What is tennis elbow?Tim Strawn
Tennis elbow is a medical condition that many who play racquet sports will experience. There has been much written about this condition and as a result, there is reliable as well as unreliable information that can be found online. This post seeks to provide accurate medical information regarding this condition and to dispel some of the myths surrounding it. We’ll also address one of the new approaches for treating tennis elbow.
What is tennis elbow?
Tennis elbow is an inflammation around the bony bump (lateral epicondyle) on the outside of the elbow. That’s why it is also referred to as lateral epicondylitis. It occurs when the tendon that attaches muscles to the bone becomes injured or inflamed.
What causes tennis elbow?
It’s true that playing racquet sports can cause tennis elbow. However, most people get it from other activities. These often involve extending the wrist or rotating the foreman. These include twisting a screwdriver or lifting heavy objects with your palm down. With age, the tissue may inflame more easily.
What are the symptoms of tennis elbow?
The most common symptom of tennis elbow is pain on the outside of the elbow and down the forearm. You may have pain all of the time or only when you lift things. It may hurt to grip things, turn your hand, or swing your arm. The elbow may also swell, get red, or feel warm to the touch. It can be intensified when you play racquet sports, in particular, tennis, and most notably, as a result of poor or improper stroke production.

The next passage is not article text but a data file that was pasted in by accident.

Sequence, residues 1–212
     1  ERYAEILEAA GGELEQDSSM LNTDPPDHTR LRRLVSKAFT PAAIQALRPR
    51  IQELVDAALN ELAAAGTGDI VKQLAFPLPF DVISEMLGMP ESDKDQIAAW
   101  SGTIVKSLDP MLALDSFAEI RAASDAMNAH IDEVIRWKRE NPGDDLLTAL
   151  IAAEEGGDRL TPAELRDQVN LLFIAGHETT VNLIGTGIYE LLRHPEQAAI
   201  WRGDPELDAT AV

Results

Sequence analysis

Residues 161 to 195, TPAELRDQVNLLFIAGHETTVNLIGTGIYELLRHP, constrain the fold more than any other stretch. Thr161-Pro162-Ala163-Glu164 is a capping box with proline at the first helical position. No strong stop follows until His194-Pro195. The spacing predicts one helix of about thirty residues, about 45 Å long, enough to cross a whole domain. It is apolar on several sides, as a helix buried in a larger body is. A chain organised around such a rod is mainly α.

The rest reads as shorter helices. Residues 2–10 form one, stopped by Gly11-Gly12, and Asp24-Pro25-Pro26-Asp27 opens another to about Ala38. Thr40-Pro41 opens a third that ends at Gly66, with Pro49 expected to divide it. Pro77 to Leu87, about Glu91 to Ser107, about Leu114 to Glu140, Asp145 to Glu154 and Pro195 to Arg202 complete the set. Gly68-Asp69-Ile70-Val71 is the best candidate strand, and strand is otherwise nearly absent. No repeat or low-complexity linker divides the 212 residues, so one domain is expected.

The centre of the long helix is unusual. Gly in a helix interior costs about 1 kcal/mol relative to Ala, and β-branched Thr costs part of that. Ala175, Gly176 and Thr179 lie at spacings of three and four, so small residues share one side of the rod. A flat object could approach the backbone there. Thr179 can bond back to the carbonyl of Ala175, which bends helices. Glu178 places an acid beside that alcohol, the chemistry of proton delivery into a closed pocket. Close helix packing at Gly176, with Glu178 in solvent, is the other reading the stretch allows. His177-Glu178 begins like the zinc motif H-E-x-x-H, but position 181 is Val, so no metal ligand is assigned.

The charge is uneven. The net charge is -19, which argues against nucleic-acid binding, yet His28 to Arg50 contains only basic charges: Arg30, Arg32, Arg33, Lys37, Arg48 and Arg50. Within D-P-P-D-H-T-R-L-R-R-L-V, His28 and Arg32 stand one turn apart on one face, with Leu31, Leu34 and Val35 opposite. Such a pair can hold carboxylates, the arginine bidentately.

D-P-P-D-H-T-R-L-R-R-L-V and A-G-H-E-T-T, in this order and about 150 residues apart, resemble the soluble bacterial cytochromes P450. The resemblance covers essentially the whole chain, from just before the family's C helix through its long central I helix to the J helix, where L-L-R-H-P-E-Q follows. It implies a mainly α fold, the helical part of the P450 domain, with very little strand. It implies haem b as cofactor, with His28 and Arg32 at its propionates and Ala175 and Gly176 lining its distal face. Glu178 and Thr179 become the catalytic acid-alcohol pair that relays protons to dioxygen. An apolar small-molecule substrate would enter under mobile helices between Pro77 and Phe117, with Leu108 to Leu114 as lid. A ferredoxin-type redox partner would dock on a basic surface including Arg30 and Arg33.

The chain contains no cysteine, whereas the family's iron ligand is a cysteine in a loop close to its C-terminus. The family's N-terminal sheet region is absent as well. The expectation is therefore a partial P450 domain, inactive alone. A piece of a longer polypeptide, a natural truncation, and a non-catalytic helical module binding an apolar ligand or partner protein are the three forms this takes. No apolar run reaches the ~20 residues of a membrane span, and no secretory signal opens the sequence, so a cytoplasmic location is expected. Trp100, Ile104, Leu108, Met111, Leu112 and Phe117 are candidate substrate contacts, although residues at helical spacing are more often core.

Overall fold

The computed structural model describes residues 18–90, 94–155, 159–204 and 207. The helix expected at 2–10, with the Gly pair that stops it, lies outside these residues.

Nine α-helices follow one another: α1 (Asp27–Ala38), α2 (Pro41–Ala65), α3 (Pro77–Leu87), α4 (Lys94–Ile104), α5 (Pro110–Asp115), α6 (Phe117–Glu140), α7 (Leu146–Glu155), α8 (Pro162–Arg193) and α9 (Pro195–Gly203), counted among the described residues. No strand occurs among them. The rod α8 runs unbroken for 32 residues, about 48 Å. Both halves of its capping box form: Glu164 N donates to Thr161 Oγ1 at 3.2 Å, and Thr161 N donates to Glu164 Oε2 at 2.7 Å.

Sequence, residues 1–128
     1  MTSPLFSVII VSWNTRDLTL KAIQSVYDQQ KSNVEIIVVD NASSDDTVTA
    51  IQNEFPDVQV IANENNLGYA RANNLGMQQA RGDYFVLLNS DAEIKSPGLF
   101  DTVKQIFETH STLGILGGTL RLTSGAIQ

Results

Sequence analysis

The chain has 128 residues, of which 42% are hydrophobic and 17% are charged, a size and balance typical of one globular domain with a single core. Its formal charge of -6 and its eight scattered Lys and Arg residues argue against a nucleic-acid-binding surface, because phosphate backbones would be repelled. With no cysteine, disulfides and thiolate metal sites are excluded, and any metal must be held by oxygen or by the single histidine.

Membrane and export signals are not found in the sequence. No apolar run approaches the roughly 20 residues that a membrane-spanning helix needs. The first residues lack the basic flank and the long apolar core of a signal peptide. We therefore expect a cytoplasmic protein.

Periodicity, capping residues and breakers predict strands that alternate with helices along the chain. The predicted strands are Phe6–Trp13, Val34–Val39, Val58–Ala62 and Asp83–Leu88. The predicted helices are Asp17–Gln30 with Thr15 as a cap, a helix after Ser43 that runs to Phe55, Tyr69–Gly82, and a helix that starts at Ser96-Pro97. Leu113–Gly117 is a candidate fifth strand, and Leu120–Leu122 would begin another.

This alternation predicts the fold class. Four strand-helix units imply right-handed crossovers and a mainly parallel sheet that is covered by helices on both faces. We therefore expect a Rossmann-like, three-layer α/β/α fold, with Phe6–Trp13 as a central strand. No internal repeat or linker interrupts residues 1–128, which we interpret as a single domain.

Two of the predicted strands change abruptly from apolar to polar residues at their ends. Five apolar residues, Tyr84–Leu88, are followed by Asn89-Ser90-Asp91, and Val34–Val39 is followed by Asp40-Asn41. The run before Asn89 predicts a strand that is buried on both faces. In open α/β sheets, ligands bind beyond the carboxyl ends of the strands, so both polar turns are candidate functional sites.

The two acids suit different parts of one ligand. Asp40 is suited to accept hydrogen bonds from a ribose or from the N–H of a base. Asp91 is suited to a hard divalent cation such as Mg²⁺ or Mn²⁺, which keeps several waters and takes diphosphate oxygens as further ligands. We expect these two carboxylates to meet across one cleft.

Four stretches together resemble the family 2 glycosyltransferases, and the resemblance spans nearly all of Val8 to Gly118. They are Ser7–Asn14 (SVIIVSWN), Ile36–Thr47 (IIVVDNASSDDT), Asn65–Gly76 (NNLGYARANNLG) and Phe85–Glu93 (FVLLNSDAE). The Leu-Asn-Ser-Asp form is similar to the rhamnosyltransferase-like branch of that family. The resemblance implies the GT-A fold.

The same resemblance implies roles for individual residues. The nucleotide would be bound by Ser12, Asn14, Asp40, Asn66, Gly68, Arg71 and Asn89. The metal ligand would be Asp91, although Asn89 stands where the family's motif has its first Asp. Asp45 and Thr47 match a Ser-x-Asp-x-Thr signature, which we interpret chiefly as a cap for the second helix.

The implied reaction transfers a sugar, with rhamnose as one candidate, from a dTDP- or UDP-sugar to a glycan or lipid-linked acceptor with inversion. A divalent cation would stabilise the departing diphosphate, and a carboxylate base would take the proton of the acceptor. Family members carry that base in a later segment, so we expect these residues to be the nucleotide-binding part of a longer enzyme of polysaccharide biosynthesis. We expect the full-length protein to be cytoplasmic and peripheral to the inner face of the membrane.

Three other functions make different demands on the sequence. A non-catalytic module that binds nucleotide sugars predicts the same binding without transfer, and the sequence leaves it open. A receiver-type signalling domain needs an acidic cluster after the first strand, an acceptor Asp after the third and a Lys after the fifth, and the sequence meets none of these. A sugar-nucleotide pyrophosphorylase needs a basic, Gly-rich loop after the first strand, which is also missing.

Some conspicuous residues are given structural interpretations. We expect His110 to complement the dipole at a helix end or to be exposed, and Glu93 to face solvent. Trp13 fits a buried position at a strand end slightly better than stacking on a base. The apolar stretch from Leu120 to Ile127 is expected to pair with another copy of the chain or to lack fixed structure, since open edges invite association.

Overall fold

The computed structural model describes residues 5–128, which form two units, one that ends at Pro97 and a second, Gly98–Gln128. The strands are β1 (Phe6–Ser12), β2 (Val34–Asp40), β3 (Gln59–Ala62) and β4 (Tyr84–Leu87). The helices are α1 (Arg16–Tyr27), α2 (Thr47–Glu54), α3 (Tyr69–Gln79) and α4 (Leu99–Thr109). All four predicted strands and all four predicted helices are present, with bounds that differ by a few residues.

Understanding your elbow pain
The muscles that allow you to tighten your fingers and rotate your lower arm and wrist are called the extensor muscles. These muscles run from the outside of your elbow to your wrist and fingers. A cordlike fiber called a tendon attaches the extensor muscles to the bone. Overuse or an accident can cause tissue in the tendon to become inflamed or injured.
What symptoms will I have if the tendon is inflamed?
When the tendon is inflamed, moving your elbow is painful. Turning your hand or grasping objects can also be painful. This is why playing tennis while suffering from tennis elbow can be very painful because just before you strike the ball, you naturally squeeze the grip of the racquet and this can be extremely painful.
How is tennis elbow diagnosed?
Your doctor can diagnose tennis elbow from your symptoms and from the look and feel of your elbow. He or she may order an x-ray to be sure the bone is not diseased or fractured. In some cases, other tests may be needed.
How is tennis elbow treated?
Your treatment will depend on how inflamed your tendon is. The goal is to relieve your symptoms and help you regain full use of your arm.
- Rest and medication – Wearing an elbow or wrist splint lets the inflamed tendon rest so it may heal. Using your other hand or changing your grip also helps take the stress off of the tendon. Oral anti-inflammatory medications and heat or ice can relieve pain and reduce swelling
- Exercise and therapy – Exercises can help to stretch and strengthen the muscles around your elbow gently. Your doctor may give you an exercise program or refer you to a therapist.
- Injections – Your doctor may give you an injection or an anti-inflammatory medication, such as cortisone, to help reduce swelling. You may have more pain at first, but in a few days, your elbow should feel better.